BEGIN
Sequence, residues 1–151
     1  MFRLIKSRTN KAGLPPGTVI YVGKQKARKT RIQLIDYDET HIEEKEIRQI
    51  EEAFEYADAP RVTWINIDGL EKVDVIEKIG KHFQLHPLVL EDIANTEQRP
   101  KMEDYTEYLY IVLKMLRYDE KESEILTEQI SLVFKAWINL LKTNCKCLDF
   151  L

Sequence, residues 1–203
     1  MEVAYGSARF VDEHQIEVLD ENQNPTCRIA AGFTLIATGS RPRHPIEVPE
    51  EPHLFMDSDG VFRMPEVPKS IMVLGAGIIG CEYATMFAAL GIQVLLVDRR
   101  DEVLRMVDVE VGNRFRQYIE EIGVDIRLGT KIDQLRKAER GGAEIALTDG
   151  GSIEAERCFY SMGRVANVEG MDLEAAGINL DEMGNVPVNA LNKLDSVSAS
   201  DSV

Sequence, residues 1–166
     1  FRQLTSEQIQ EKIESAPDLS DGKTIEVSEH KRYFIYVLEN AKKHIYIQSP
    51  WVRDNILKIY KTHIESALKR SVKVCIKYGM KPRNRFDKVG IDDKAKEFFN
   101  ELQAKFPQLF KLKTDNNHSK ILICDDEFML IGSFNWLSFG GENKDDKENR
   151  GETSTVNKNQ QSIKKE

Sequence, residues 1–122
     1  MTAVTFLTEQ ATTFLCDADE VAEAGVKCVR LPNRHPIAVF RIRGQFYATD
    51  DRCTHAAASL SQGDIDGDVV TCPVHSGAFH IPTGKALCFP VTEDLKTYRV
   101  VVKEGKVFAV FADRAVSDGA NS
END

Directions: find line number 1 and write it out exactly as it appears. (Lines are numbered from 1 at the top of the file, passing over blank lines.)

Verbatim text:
Sequence, residues 1–151